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RDFS bug "A property can have at most one range property"

From: Tim Berners-Lee <timbl@w3.org>
Date: Mon, 11 Sep 2000 12:30:08 -0400
Message-ID: <00dd01c01c0d$8cf31f70$84001d12@w3.org>
To: <www-rdf-comments@w3.org>
Cc: <www-rdf-interest@w3.org>
Apologies for the late submission of this comment on RDF-Schema
http://www.w3.org/TR/2000/CR-rdf-schema-20000327/

On looking at the excellent analysis
"A Logical Interpretation of RDF" Wolfram Conen
and Reinhold Klapsing can be accessed at:
http://nestroy.wi-inf.uni-essen.de/rdf/logical_interpretation.ps
(Postscript-Format)
http://nestroy.wi-inf.uni-essen.de/rdf/logical_interpretation.pdf
(PDF-Format)
http://nestroy.wi-inf.uni-essen.de/rdf/logical_interpretation/index.html
(HTML-Format)
see http://lists.w3.org/Archives/Public/www-rdf-interest/2000Aug/0122.html


(an great sort of thing to happen during CR period , BTW), I find that it
points out where there is clearly a bug in
http://www.w3.org/TR/2000/CR-rdf-schema-20000327/#s3.1.3
 in that it says that "A property can have at most one range property. "
This basically doens't mean anything on the web.

(Why haven't I spotted that before? I guess just skipped over range and
domain
assuming they had their normal meanings).

An redfs:range statement about a Property allows one to infer a Class of
anything which is the value of that property. The semantics are

          rdf:type(x,s)   <= rdfs:range(p,s)  & p(y,x)

For example, if s is a range of p, then also so is any t superset of s.

It is quite reasonable to make two range statements, which together
of course imply that any value must be in the intersection of the ranges
given.

Saying range(p,t)  should not be illegal! In other words, Conen & Klapsing's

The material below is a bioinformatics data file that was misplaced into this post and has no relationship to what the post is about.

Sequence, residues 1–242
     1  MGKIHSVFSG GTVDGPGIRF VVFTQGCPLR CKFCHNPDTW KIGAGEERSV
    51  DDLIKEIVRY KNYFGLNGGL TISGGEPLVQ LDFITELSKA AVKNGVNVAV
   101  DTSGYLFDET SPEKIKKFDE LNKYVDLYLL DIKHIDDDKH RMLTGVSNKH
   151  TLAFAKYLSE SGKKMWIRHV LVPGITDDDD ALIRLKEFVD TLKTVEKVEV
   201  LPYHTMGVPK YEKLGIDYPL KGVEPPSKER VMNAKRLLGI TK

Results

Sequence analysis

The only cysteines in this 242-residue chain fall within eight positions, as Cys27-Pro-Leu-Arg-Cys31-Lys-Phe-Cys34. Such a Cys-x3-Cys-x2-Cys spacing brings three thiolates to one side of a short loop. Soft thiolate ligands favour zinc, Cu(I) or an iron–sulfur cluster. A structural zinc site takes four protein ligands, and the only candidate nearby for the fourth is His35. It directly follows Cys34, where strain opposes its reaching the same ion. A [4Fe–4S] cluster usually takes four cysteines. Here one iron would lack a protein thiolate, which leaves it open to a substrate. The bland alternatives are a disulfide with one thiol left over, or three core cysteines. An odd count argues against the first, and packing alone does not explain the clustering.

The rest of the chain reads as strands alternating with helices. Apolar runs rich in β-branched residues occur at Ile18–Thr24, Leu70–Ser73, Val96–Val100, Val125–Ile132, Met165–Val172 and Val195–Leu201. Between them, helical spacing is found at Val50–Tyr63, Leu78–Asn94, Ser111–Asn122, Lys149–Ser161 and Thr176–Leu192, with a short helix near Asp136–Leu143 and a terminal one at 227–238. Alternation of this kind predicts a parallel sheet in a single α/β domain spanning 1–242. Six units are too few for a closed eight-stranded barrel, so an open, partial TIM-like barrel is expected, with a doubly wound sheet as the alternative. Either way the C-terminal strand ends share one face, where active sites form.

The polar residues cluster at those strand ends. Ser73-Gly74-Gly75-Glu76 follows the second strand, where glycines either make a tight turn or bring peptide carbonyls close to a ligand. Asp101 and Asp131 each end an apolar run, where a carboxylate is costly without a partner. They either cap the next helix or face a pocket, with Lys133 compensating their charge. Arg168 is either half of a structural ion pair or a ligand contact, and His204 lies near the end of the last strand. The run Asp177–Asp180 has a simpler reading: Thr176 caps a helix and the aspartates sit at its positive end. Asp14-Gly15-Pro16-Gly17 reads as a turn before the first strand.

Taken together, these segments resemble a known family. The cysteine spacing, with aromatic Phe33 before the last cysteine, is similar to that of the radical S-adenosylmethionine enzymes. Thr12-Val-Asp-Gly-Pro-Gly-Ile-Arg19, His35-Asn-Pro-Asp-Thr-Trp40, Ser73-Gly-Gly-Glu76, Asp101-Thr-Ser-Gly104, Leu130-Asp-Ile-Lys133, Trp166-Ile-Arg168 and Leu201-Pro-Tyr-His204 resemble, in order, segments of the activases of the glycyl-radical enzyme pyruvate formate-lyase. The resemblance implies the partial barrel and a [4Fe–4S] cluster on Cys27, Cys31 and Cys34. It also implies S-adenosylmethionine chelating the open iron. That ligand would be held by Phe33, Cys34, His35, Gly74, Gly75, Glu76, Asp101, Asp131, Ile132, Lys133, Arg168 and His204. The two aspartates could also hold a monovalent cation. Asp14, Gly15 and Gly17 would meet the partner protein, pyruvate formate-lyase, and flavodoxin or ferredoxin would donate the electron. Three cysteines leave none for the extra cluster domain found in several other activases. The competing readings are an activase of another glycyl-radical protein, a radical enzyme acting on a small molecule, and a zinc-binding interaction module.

range_cardinality_violation (equation 22) should not be a violation of
anything.

Ironically, an example of the correct semnatics fo range is actually given:
"The rdfs:range of rdfs:range is the class rdfs:Class. This indicates that
any resource that is the value of a range property will be a class. "

This is a closed world type of problem.  The "it is not permitted to express
two or more range constraints on a property"  doesn't specify a scope within
which those delcarations are made. A global scope is of course impossible to
ever validate - how can you know whether anyone else has expressed a range
constraint on a given property?

The note in the spec deals with the problem of expressing the range being a
union and mentions that you can't (of course) do that with mutiple range
statements.

Please remove the offending wording from the spec.

  Tim BL
________________________________________________________________

PS: The analysis also demonstrates the problem with domain in the not sign
in eqn20, showing domain is meaningless as stated in the spec, but this bug
has been documented already in comments to the spec.
Received on Monday, 11 September 2000 12:30:14 GMT

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